The Bottom Line: Winner of the 2007 Pulitzer Prize, Tracy Letts’ darkly comic drama August: Osage County is worthy of the praise it has received from critics and audiences. Hopefully the play will be embraced by college professors, for the text is rich with compelling characters and scintillating criticism of the modern American family.
August: Osage County is set on the plains of modern day, middle-class Oklahoma. The Weston family members are all intelligent, sensitive creatures who have the uncanny ability of making each other absolutely miserable. When the patriarch of the household mysteriously vanishes, the Weston clan gathers together to simultaneously support and attack one another.
Beverly Weston: Husband of Violet / Father to his three 40-something daughters. A one-time world class poet and full-time alcoholic. Polite, soulful, melancholy, and ultimately suicidal.
Violet Weston: The devious matriarch. She has lost her husband. She is addicted to painkillers (and any other pill she can pop). She suffers from cancer of the mouth. But that doesn’t stop her from spewing her cynicism or her hilariously sinister insults.
Barbara Fordham: The eldest daughter. In many ways, Barbara is the strongest and most sympathetic character. Throughout the play she tries to gain control of her chaotic mother, her dilapidated marriage, and her pot-smoking 14 year old daughter.
Ivy Weston: The middle daughter. A quiet librarian, stereotypically mousy. Ivy has stayed close to home, unlike the other errant Weston sisters. This means Ivy has had to endure the acid tongue of her mother. She has been maintaining a secret love affair with her first cousin. (And if you think that sounds like a Jerry Springer episode, just wait till you read Act Three!)
Karen Weston: The youngest daughter. She claims to have been unhappy her entire adult life, prompting her to move away from the family and reside in Florida. However, she returns to the Weston home bringing along a fiancé in tow – a successful 50 year old business man who, unbeknownst to Karen, turns out to by the most loathsome character within the play.
Johnna Monevata: The Native-American live-in housekeeper. She is hired by Beverly just days before his disappearance. She may not have many lines, but she is the most compassionate and morally grounded of all the characters. She claims to stay in the caustic household simply because she needs the job. Yet, there are times when she swoops in like a warrior-angel, saving characters from despair and destruction.
Themes: What Do We Learn from August: Osage County?
Many messages are conveyed throughout the play. Depending on how deep a reader digs, all sorts of issues can be summoned up. For example, it is no accident that the housekeeper is Native American and that the Caucasian characters tip-toe around their cultural differences. There is a walking-on-eggshells sort of tension that seems to stem from the injustices that happened in Oklahoma over a century ago. A post-colonialist critic could write an entire paper on that alone.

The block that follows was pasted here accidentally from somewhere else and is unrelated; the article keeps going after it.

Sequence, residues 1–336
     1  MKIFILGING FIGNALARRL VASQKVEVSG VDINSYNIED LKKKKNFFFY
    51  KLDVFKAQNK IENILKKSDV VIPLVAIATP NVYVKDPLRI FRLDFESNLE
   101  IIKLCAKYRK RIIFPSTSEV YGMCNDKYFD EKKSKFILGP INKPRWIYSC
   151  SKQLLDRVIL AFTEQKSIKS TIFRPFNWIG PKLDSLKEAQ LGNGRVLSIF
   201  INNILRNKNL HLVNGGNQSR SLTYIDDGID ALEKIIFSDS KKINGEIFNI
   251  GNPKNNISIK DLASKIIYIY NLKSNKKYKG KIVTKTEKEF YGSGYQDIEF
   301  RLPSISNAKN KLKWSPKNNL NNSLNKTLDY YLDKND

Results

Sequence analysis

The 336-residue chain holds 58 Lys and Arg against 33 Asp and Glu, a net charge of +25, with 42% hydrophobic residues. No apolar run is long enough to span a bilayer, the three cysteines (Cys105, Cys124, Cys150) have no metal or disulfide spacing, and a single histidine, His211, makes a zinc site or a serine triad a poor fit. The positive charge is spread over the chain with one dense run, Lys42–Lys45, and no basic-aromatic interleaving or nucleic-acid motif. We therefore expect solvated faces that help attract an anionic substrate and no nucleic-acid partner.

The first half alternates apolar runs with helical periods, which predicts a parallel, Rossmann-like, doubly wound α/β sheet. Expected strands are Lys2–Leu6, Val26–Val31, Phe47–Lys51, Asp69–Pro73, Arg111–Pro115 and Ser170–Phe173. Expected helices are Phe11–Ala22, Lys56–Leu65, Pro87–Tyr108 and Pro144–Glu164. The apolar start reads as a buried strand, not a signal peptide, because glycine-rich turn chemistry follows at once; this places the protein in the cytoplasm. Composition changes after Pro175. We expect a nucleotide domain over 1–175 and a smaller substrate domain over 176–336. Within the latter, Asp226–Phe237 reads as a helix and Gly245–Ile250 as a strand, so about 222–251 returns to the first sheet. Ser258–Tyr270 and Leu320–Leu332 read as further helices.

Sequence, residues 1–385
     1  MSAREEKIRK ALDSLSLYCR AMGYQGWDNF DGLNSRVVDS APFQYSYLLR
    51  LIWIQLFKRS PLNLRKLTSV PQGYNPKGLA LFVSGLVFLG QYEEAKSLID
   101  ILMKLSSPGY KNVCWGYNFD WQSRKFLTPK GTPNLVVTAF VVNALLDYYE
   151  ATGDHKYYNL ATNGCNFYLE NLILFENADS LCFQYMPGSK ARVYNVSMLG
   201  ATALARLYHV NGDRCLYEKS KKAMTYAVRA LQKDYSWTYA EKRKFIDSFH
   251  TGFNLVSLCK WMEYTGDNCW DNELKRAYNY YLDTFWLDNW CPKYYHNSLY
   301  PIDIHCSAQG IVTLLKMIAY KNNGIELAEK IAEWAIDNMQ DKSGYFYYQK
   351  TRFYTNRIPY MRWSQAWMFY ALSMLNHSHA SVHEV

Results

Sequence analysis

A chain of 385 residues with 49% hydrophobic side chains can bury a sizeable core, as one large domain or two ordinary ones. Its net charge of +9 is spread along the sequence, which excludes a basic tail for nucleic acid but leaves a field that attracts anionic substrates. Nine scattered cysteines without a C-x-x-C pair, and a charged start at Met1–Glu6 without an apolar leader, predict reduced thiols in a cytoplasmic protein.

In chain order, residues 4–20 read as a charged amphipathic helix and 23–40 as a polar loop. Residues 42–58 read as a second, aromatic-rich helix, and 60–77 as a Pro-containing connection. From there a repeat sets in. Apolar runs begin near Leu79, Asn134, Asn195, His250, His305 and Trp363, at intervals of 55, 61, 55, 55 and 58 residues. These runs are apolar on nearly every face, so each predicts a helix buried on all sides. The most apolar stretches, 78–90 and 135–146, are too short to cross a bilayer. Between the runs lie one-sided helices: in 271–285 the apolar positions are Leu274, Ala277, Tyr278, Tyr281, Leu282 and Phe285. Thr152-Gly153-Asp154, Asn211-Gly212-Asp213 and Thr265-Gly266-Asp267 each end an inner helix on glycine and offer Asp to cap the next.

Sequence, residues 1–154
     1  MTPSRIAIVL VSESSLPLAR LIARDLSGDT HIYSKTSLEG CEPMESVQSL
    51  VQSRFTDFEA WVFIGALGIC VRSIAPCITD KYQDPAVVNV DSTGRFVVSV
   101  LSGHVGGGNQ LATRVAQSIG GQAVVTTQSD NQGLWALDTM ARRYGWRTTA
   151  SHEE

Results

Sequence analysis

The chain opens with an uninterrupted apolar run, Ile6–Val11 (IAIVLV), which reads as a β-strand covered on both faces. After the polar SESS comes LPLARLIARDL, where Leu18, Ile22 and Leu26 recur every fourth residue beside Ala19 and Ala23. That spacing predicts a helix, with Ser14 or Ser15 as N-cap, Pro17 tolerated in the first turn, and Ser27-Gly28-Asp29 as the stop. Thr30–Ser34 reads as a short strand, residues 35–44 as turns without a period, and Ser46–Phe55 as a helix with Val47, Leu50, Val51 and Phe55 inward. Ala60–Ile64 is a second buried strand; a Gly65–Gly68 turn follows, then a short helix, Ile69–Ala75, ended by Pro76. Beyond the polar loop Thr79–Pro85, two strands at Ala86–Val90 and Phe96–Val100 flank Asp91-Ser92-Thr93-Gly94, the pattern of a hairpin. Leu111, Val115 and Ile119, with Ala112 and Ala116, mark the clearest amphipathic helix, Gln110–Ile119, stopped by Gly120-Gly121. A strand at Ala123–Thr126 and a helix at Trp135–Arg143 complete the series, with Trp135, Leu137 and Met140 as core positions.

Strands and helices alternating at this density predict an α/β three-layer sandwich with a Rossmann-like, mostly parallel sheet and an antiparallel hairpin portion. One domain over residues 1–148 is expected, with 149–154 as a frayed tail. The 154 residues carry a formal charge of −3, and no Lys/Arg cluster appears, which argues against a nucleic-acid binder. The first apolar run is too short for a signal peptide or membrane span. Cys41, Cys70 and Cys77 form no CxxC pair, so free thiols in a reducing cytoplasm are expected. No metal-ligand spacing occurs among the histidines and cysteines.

However, most of the play’s themes are derived from the male and female archetypes found in August: Osage County.
Mothers and Daughters:
In Tracy Letts’ play, Mothers and daughters are more likely to verbally and physically abuse one another rather than exhibit kindness. In Act One, Violet continually asks for her eldest daughter. She depends on Barbara’s emotional strength during this family crisis. Yet, at the same time, Violet cruelly points out Barbara’s advancing age, her evaporated beauty, and her failed marriage – all issues that Barbara wishes to be left unspoken. Barbara responds by putting a stop to her mother’s pill addiction. She rallies the rest of the family into intervention mode. By this might be less of tough-love and more of a power-play. During Act Two’s climactic “family dinner from hell,” Barbara throttles her mother and then declares, “You don’t get it, do you? I’M RUNNING THINGS NOW!”
Two Types of Husbands:
If August: Osage count is a reflection of reality, then there are two types of husbands: A) Docile and unmotivated. B) Philandering and unreliable. Violet’s missing husband, Beverly Weston appears briefly, only during the play’s beginning. But in that scene, the audience learns that Beverly has long since ceased to communicate with his wife in a healthy manner. Instead, he accepts that she is a drug addict. In turn, he drinks himself into a spiritual coma, becoming a very docile husband whose passion for life has fizzled out decades ago.
Beverly’s brother-in-law, Charles, is another timid male character. He tolerates his unpleasant wife for almost forty years before he finally puts his foot down, and even then he’s rather polite about his uprising. He can’t understand why the Weston family is so vicious toward each other. But the audience can’t understand why Charles has stayed around for so long!
His son, Little Charles is a 37-year old couch potato. He represents another example of an unmotivated male. But for some reason, his cousin/lover Ivy finds him heroic” despite his simple-minded lethargy. Perhaps she admires him so much because he presents a sharp contrast to the more devious male characters: Bill (Barbara’s husband - the college professor who sleeps with his students) represents middle aged men who want to feel more desirable so they abandon their wives for younger women. Steve (Karen’s fiancé) represents the sociopath-type guys that prey on the young and naïve.
What Goes Around Comes Around
Most of the characters dread the notion of living alone yet they violently resist intimacy, and most seem doomed to a sad, solitary existence. The final lesson is harsh but simple: Be a good person or you’ll taste nothing but your own poison.